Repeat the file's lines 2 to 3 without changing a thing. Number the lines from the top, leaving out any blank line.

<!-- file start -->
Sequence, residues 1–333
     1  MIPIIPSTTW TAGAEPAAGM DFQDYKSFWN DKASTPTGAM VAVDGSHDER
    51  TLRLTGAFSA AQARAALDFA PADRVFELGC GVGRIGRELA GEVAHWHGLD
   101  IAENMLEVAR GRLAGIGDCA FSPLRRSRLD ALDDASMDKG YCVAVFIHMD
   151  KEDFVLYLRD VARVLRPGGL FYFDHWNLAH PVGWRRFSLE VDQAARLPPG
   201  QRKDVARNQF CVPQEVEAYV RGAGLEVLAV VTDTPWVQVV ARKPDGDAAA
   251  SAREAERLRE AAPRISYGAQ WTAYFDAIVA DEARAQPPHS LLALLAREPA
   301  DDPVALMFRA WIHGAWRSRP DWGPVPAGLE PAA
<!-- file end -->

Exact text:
     1  MIPIIPSTTW TAGAEPAAGM DFQDYKSFWN DKASTPTGAM VAVDGSHDER
    51  TLRLTGAFSA AQARAALDFA PADRVFELGC GVGRIGRELA GEVAHWHGLD